Leading with Authenticity, Dr. Todd Dewett

Exclusive Interview with: Todd Dewett

Dr. Todd Dewett is one of the world’s most exciting and original voices in the leadership and life skills space. He is consistently the #1 most viewed author at Lynda.com/LinkedIN, where millions of people seek his expert advice on how to hone their communication skills and build better relationships. A top-rated speaker by Inc.com, he has transformed thousands of audiences globally through inspiring them and giving them accessible takeaways to make stronger better teams.

When you slowly and appropriately show more of the authentic you…people tend to open up and reciprocate.

SPEAKING.COM: In the case of leadership, why is it important for people to know “the full authentic you”?

DEWETT: To optimize productivity, you have to maximize trust – a willingness to be vulnerable. When you slowly and appropriately show more of the authentic you (as opposed to only showing the polished “professional” you) people tend to open up and reciprocate. The more they understand you as a human, the more trust you build. You don’t have to become best friends with your co-workers, but you are wise to pull back the curtain just a little to learn about each other as people, not just professionals.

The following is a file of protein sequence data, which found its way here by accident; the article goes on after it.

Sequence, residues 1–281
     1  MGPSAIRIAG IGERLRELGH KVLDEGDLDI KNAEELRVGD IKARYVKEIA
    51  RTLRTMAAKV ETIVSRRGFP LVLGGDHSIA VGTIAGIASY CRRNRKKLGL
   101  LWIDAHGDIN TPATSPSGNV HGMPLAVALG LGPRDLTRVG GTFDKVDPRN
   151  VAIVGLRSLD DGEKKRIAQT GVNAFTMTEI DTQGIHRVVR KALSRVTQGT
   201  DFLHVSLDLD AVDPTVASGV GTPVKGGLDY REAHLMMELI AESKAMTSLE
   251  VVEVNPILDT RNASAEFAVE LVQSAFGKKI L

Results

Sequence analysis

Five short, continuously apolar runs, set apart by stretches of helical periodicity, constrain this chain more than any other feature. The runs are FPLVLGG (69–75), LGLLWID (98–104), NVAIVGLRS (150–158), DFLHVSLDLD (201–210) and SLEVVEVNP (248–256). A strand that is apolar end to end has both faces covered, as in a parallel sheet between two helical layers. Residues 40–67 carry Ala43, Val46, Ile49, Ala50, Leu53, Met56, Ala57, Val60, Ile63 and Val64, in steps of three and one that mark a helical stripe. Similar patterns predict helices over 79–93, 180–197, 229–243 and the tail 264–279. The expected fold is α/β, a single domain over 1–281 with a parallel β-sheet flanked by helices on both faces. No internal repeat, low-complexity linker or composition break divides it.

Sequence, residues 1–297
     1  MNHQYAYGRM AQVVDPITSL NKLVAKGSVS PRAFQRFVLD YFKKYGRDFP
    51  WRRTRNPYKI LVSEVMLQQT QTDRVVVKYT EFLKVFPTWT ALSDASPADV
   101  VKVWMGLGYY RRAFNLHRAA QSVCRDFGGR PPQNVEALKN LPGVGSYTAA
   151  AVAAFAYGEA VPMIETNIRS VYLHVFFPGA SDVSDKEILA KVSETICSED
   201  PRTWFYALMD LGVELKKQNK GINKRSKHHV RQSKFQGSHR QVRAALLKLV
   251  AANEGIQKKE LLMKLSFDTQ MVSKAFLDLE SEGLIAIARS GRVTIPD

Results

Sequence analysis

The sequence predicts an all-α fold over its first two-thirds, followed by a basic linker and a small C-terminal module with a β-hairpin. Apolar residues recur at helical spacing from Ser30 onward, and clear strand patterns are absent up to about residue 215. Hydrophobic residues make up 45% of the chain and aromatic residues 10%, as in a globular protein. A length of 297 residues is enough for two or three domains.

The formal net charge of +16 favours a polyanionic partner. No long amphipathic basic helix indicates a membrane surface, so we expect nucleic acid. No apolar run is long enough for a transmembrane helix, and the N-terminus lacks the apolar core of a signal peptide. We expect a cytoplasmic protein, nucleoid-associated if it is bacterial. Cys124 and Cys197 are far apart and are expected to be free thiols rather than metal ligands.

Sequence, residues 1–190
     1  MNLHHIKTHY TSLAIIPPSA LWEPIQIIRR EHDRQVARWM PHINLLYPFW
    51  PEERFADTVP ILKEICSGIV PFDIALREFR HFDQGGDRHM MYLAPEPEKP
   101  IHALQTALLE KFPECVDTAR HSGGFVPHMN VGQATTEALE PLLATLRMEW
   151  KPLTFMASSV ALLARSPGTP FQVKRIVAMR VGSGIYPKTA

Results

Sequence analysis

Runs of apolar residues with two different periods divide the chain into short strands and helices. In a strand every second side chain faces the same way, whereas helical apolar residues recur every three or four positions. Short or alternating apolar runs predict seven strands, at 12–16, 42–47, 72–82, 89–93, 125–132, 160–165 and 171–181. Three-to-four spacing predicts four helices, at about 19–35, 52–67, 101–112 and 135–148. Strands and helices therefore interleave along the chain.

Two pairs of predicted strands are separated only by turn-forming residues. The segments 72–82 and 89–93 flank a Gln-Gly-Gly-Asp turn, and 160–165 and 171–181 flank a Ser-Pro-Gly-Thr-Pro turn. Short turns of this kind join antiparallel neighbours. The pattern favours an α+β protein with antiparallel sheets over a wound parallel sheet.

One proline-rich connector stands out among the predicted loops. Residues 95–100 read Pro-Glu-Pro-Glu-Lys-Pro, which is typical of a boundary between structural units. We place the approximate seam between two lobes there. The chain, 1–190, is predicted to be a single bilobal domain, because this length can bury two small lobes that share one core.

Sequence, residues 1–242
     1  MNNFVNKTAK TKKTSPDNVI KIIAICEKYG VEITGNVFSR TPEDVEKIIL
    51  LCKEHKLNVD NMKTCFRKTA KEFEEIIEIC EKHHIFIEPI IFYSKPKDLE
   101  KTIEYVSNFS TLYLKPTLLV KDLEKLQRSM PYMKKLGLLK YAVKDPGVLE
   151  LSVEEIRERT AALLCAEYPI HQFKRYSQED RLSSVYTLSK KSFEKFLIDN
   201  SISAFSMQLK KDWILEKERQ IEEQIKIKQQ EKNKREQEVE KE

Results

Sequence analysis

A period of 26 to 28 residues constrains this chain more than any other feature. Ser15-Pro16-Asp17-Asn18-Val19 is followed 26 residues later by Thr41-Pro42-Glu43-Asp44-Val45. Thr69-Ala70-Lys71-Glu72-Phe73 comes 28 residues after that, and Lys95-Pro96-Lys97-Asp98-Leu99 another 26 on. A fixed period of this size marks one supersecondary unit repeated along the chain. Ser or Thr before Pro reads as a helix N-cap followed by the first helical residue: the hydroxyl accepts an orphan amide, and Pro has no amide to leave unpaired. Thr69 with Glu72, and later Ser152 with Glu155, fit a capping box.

SPEAKING.COM: What are the biggest challenges leaders face in sharing their authentic selves with their employees?

DEWETT: The single biggest challenge is a fear of looking human. Too often leaders hide their shortcomings, their past mistakes, knowledge blind sports, or past failures. While it is true that you don’t want others to focus on your imperfections all of the time, a little intentional sharing (e.g., twice a year, not twice each week) is gold. The team needs to see you as confident and competent, yes; but they also need to see that you are human – just like them!

The more you learn on occasion to talk about your imperfections, the more you’ll encourage others not to be afraid to try, learn, fail, and try again. As simple as it sounds, that’s the foundation of innovation.

When you overindulge in talking about or referencing your accolades and accomplishments, it’s easy to be seen as distant if not arrogant.